What if we can’t prosecute returning terrorist ‘foreign fighters?

A version of this piece appeared in the Globe and Mail online on September 25, 2019.

In much of the debate over what to do with ‘Jihadi Jack’, who is now all ours thanks to the UK decision to revoke his citizenship, a lot of arguments for and against repatriation were made. One of the main positions for the former was the conviction that we should bring back these terrorists and try them here in Canada.

The rationale underlying this stance was based on the belief that Canadian courts, and not foreign ones, should rule on Canadians who left to join terrorist groups and that some of those foreign jurisdictions practice capital punishment or are incapable of ensuring a fair trial (implying that our systems were better than theirs, i.e. Iraq or Syria). Complicating the whole issue were the Kurds who hold many foreign terrorists and who have clearly indicated that they cannot process these cases due to a lack of infrastructure.

All things considered then, it seems that repatriation is possible, with a view to charging and trying these Canadians (I will leave the ‘moral obligation’ to do so aside). For its part the government claims, rightly, that it has no legal duty to repatriate any Canadian who has allegedly committed offences abroad and further maintains that conditions are too dangerous in northern Iraq/Syria to send officials to effect removal (this is a little disingenuous as Canadian journalists and academics have made those same trips to interview incarcerated IS terrorists).

But is repatriation the best resolution? Perhaps not. According to a recent Globe article, the RCMP is currently not sending investigators into Syria where Canadians alleged to have joined the Islamic State are trapped in camps and prisons. What this means could have a significant impact on possible future prosecutions.

While it is probable that some if not all of the returnees are under current investigation – the RCMP will of course neither confirm nor deny it is engaged in this regard – it is nonetheless also true that by limiting its evidence gathering to this country the Mounties are also not getting the full story. It is one thing to interview witnesses, run human sources and get wiretaps here: it is quite another to talk to those who saw what the terrorists did in theatre. Charges based on the former are not out of the question but a stronger case would undoubtedly be made based on the latter.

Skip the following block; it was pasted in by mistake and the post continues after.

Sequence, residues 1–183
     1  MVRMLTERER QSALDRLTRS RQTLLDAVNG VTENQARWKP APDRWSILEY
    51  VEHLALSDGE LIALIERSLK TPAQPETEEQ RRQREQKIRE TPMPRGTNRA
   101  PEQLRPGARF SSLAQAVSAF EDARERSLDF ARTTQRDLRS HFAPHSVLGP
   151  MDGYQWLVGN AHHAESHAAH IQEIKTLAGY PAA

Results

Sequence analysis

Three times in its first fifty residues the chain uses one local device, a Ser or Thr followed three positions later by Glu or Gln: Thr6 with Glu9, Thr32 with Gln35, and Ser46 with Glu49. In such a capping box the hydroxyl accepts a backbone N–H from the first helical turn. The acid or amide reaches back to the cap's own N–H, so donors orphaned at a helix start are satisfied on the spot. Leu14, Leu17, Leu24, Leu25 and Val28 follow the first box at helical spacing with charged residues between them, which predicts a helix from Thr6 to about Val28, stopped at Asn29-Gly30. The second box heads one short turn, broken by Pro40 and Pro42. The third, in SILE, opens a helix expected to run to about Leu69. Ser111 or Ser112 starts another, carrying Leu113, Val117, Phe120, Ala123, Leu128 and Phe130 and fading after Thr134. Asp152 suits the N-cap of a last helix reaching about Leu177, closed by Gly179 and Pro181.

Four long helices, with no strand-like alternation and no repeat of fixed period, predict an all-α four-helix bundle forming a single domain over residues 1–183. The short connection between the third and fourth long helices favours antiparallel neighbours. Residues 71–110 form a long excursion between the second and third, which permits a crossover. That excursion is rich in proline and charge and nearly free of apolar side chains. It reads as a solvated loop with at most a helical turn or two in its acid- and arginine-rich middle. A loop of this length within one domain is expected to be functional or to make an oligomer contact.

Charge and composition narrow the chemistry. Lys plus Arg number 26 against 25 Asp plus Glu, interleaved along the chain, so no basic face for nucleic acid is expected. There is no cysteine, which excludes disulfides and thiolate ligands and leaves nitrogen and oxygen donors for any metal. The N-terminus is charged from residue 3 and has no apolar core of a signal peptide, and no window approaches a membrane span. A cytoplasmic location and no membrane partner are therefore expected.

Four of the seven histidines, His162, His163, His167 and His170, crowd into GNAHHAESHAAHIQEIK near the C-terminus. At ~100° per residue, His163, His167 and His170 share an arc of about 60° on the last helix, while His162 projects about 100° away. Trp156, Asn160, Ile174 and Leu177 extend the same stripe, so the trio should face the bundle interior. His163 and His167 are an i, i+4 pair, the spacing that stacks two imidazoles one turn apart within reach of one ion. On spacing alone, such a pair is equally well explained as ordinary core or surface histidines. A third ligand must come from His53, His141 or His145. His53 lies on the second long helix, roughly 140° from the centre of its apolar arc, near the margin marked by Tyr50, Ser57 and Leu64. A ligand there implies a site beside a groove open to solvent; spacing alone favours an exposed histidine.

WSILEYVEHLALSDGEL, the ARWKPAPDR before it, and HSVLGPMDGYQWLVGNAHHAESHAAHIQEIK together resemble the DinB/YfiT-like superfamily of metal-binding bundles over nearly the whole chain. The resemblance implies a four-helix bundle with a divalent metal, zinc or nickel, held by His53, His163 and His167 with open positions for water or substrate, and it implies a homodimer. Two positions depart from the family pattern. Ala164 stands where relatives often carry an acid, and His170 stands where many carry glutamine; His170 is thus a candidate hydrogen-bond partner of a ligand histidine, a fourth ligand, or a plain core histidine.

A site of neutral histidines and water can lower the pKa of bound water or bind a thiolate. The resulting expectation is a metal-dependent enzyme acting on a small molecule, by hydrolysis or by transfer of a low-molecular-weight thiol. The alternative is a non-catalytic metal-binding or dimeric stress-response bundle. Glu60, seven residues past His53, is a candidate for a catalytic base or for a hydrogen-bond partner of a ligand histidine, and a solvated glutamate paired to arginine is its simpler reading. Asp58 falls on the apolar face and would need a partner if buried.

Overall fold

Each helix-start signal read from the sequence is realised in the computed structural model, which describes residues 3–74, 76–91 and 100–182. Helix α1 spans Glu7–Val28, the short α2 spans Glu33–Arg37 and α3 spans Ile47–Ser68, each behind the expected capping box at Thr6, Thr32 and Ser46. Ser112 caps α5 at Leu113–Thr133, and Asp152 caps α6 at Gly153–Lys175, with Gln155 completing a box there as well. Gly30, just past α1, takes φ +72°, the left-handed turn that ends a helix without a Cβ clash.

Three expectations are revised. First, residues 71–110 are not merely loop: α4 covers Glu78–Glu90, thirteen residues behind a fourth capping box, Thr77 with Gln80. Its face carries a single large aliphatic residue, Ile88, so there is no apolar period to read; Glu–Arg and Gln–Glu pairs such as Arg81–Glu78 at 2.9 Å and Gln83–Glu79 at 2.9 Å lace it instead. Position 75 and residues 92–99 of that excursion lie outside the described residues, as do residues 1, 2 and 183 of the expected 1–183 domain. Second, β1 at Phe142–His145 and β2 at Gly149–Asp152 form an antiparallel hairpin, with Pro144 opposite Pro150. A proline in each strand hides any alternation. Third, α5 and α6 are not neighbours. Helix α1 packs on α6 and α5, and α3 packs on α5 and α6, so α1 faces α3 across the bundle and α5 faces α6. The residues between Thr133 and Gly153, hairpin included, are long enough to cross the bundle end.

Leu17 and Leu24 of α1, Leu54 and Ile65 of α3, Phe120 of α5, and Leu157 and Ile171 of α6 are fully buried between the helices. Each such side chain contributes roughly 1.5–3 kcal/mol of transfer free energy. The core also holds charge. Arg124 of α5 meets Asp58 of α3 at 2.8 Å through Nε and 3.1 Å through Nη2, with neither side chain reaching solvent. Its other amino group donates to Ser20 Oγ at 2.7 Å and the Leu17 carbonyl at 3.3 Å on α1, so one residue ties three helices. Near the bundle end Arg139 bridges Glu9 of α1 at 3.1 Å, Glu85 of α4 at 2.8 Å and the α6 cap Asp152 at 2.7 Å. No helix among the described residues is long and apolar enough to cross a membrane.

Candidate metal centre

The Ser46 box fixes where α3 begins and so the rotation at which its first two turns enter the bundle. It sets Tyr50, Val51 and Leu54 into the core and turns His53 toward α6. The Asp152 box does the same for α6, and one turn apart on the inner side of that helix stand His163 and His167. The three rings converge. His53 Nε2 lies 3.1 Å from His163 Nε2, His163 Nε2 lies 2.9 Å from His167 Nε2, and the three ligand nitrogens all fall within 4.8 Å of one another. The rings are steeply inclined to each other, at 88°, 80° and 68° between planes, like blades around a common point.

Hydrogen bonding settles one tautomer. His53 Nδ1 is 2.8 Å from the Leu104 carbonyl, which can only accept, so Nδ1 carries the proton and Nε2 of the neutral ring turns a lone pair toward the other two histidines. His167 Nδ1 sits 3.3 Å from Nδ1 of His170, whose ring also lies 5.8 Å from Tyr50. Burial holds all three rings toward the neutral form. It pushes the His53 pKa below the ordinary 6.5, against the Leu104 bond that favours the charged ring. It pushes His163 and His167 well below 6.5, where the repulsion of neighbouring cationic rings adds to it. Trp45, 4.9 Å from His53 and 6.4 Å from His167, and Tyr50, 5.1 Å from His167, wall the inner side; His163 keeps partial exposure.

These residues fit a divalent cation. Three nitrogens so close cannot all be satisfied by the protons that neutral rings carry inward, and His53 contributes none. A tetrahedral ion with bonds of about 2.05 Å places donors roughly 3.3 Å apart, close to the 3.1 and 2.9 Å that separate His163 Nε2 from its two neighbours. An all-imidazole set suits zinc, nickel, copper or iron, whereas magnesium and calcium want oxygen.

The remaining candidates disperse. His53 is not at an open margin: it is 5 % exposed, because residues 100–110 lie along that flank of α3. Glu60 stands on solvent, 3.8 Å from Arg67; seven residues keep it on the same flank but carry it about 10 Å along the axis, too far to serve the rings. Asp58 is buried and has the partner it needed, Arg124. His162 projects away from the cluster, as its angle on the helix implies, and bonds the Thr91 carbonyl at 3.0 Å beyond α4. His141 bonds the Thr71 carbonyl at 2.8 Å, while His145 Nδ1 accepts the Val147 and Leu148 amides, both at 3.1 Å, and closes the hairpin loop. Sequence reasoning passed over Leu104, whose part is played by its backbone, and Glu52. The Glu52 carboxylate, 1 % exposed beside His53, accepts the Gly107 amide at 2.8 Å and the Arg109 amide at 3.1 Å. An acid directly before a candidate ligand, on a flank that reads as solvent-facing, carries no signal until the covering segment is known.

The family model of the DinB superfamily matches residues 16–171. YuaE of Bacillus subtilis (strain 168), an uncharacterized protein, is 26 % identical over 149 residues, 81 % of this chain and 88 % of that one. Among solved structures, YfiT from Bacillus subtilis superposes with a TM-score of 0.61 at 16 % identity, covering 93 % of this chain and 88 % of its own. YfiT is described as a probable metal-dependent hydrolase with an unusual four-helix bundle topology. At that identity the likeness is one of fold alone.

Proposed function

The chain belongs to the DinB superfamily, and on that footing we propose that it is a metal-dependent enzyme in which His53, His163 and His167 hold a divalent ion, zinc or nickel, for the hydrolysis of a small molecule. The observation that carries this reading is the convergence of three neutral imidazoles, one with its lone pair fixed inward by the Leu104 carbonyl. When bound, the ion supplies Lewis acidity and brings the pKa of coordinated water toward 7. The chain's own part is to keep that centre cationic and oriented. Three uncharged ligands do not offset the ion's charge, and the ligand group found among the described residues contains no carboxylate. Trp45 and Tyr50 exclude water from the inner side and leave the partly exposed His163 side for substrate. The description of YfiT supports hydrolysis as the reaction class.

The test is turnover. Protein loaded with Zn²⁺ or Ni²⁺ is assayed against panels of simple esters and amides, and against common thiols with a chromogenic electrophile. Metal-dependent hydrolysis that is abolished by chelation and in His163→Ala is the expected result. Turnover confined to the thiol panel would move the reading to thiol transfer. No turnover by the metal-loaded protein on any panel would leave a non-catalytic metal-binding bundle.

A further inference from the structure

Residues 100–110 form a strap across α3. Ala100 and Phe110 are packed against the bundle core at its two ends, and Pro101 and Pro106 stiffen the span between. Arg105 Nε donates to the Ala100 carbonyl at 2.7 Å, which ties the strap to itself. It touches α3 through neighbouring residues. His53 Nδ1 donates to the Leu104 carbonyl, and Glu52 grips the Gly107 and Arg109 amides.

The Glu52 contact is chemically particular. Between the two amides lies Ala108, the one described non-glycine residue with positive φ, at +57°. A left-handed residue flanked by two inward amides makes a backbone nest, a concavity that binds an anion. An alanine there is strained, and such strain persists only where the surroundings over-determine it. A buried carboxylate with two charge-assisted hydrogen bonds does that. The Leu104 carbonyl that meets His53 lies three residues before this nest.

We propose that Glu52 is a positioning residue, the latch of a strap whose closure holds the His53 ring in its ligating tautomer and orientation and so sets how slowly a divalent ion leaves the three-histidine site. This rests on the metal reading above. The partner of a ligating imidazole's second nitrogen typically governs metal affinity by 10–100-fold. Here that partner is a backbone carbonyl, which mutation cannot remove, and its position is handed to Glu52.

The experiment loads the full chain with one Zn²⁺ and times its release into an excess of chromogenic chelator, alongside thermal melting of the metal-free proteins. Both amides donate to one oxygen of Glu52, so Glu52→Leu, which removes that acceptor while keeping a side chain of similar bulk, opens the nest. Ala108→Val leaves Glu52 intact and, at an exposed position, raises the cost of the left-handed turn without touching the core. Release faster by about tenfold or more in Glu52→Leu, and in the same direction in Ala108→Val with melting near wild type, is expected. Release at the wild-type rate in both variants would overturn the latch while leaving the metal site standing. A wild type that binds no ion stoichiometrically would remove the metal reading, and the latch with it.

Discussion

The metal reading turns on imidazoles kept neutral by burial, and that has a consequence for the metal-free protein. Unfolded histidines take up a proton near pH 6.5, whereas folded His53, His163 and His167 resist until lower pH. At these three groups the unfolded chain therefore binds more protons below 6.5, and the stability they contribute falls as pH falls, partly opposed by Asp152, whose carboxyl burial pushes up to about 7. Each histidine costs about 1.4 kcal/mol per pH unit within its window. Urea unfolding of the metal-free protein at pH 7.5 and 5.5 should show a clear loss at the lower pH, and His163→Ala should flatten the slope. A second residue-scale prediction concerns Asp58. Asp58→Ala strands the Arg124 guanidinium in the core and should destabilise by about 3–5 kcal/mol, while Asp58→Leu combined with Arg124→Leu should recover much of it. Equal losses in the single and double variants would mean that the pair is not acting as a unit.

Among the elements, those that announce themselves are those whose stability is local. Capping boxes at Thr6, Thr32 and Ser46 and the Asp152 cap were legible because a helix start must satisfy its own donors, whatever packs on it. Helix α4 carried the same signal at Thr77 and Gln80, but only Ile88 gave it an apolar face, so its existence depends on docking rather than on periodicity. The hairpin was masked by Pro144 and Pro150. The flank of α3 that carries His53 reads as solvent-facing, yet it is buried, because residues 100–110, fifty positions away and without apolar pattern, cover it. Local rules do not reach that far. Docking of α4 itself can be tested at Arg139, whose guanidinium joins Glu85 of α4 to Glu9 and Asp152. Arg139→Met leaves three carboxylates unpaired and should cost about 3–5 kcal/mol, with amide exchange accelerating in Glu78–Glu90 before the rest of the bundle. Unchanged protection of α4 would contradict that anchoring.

Why would the RCMP elect not to send officers to where the terrorist activity unfolded, other than the safety factor? There is also the discomfort of having to interact with local law enforcement and national security agencies which we all know practice counter terrorism in ways abhorrent to Canadians. Does anyone think that post Maher Arar and post Iacobucci any Canadian national security body can talk to, and receive evidence from, such partners?

As a result, cases brought forward to trial will be weaker and the odds of acquittal are higher. If a swath of acquittals ensue there would be two likely outcomes. Firstly, Canadians would be livid at our inability to adequately process terrorists, allowing them to roam free. Secondly, future terrorists would receive the clear message that choosing to engage with such groups incurs no penalty.

What of the threat to Canada from these free terrorists? Studies have shown that a very small percentage of returnees go on to commit violent acts back home. The threat is not zero, however, as both France and Belgium have learned (2015 attacks in Paris and 2016 attacks in Brussels were carried out by returnees).

There thus appears to be no good option. Doing nothing may be legally acceptable but we have learned that courts look disparagingly on governments that do not act to rescue alleged Canadian terrorists abroad, resulting in lawsuits . Bringing them home may result in no convictions, a higher domestic threat level and a blatant illustration that we are terrible at prosecuting terrorism in Canada.

In this light perhaps the ‘leave them there’ is indeed the optimal solution.

By Phil Gurski

Phil Gurski is the President and CEO of Borealis Threat and Risk Consulting Ltd. Phil is a 32-year veteran of CSE and CSIS and the author of six books on terrorism.

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